November 8, 2022/ / INTERVIEWS/ Comments: 10

Prior to the 2010s, New York skateboarding was a bit static. Sure, there always was and always will be a strong local scene with key individuals, crews, and shops, but very few of those were breaking through into the global conversation. Something shifted around the turn of the decade, and a handful of independent crews from the city started to gain widespread traction through the power of YouTube and social media, one of which was the OG Bronze 56k crew.

Josh Wilson was part of that wave and became one of the most prominent skaters in the budding NYC scene, eventually turning pro for Quasi. He’s always been a no-frills kind of skater, meaning he doesn’t have a quirky distinct look or an artsy persona he latches onto, and lets his powerful and stylish skating do the heavy lifting for him instead. If you’re unfamiliar with his work, just watch his early parts in Solo Jazz or Trust to get an idea.

We’ve never really seen any in-depth interviews with him, and since he was recently announced as part of the DC team, we decided now would be as good a time as ever to get him to open up about his time in the industry, the changes he’s seen over the years, and his overall life and upbringing, too.

Hopefully, we’re shedding a little light on the mystery that is Josh Wilson.

You seem like a pretty straightforward skater. Have you ever considered having a gimmick, like dying your hair or something like that?
[Laughs] I bleached my hair a while back with friends because of the Peter Smolik boardslide where he puts his hands on his hips. He had bleached hair back then. I don’t think I did it for a gimmick, I think we just did it because I was thinking, “Well, if I’m going to do it I’m going to do it now, not in five years.”

But in terms of gimmicks, no. I’m not trying to add any flare or be anything. I grew up thinking that skaters are just skaters. They just do what they do, not like, “Oh this guy has got spiked hair and a choker, let’s get him on.”

If I was a kid today, I would probably want some gimmick to separate myself though. I almost feel like I got into the industry right at this weird cut-off time. A year or two after would’ve been way harder to break into the industry without a gimmick. I would’ve had to have been an Instagram person or something like that. I hate Instagram [laughs].

Yeah, you came up at a time with the Bronze crew, where I feel like y’all gave NYC a resurgence of energy in the early ’10s.
Yeah, I think I just got lucky with that. Dick [Rizzo] and I grew up skating together, and when I moved here to study at SVA, he would just come to visit and stay with me all the time. The scene in New York was smaller at the time too, so you knew everyone that skated in the whole city. I remember seeing PJ Ladd skate the old LES park a bunch because he lived here at the time in like, 2012-13. I was like, “Damn, PJ fucks with this place? That’s sick.” Now, I don’t even know half of these kids I’m seeing. I’m like, “Does this kid live here?”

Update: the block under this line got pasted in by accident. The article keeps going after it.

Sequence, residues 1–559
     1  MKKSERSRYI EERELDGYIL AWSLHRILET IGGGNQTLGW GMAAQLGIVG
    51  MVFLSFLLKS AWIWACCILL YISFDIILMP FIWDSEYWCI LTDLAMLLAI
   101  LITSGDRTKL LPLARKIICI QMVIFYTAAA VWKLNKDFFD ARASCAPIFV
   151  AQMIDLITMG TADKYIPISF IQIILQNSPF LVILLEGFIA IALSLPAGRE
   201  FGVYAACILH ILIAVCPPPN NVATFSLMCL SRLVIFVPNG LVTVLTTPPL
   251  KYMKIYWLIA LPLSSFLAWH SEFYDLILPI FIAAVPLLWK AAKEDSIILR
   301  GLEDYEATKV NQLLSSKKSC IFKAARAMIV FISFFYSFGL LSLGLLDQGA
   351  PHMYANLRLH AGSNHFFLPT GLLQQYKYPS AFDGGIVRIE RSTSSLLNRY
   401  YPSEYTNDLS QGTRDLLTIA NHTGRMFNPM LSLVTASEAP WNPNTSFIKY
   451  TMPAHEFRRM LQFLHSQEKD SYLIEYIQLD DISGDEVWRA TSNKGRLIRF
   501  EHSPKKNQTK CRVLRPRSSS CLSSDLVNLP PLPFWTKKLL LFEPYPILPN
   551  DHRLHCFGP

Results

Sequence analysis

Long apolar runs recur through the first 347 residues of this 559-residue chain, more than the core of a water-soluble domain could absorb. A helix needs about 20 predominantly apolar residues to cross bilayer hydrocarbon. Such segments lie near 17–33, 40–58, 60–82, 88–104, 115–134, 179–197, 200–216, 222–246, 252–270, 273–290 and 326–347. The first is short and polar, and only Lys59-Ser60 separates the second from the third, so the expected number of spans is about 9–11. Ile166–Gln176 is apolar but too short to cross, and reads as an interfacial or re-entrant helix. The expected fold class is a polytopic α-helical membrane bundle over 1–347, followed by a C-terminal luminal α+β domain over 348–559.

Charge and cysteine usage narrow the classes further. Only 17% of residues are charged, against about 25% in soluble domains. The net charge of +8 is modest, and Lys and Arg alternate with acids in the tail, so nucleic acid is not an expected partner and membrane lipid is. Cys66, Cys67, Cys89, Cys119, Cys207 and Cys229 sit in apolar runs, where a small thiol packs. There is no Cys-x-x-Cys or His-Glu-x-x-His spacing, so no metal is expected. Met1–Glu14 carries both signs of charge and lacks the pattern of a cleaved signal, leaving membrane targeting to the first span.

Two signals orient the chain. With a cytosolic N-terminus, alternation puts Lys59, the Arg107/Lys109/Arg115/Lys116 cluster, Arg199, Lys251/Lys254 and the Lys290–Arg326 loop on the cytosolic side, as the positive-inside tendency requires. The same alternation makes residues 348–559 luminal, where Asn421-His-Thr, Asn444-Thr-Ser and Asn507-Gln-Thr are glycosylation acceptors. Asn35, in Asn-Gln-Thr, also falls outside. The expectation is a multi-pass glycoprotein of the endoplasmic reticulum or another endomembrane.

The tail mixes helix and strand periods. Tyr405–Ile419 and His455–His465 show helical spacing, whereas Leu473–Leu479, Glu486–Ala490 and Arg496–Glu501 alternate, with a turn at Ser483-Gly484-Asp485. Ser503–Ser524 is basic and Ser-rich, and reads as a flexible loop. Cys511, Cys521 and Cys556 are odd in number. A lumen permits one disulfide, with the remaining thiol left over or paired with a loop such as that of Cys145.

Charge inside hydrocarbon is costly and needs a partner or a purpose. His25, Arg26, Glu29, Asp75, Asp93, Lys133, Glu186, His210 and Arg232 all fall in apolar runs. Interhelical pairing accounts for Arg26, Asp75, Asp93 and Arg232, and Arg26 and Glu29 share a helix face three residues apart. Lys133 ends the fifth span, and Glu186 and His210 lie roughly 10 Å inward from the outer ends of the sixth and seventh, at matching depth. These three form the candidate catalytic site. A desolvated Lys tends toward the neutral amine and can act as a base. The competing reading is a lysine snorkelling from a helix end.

How would you describe Peter [Sidlauskas], one of the co-founders of Bronze? He seems kind of mysterious.
He could be a dark-humor comedian that makes skits for a living. He used to make these insane skits but he deleted them from YouTube. He’s a very dry, awkward person when you don’t know him, but when you know him everything he says is funny.

Bronze is still really small. It’s just Peter, Pat [Murray], and Billy McFeely does all the sales and talking to shops and stuff. And it’s sick that nobody knows about Pat, he runs the brand with Peter. He’ll do the groundwork of being like, “Do you like this design? What about this music?” It’s nice because Peter is able to focus on the creative aspect of the videos and the company while Pat is doing the other stuff. Pat is also really good at drawing so he draws a bunch of cool stuff.

What’s the difference between a Quasi trip and a Bronze trip?
Bronze trips are way more hectic [laughs]. Way more drinking and destruction. Whereas a Quasi trip, we’re drinking and having a good time, but we’re keeping it tame and we’re probably doing a bunch of fun extracurricular activities, like finding a shopping cart and throwing it off of a six-story parking garage. On a Bronze trip, we’re going skating then maybe drinking and BBQ at the spot, then going back to the hotel and partying more.

Have you destroyed a hotel room like a big A-lister before?
Yeah, of course. I am a big A-list guy [laughs].

We had a Bronze trip to Texas and we destroyed a hotel room in Dallas. It was our first night on the trip and it got out of hand. Then the hotel said that they had to clean the room with a hazmat suit on. That’s what they claimed.

What did they charge you?
They tried to charge Peter $4,000 for damages, but nothing was really broken except the ironing board. The TV still worked it was just dirty as fuck. Maybe one TV got broken [laughs], but other than that it was pretty tame. We just had chicken wings, pasta, and a shit ton of beers. We probably smoked weed in the room too. Nothing too serious, shaving cream on the walls and stuff.

Any good Wes [Kremer] stories, now that he’s appeared in recent Bronze videos?
He only travels with a backpack. One small backpack. We were on a 10-day trip and he slept on the floor almost every night. I think he slept on the porch a few nights too. He’s got a regular cell phone with no internet and an iPad. The iPad is for when he has to answer emails. He has an iPod for music. It’s crazy.

Now that you’re on DC, can you skate full-time or do you still need a hustle on the side?
Still need something on the side. I mean, it’s New York. It’s so expensive [laughs]. I’m a producer of events for a tech company. And I’m getting older, I’m trying to like, save up money for the rest of my life. I don’t wanna live in squalor forever.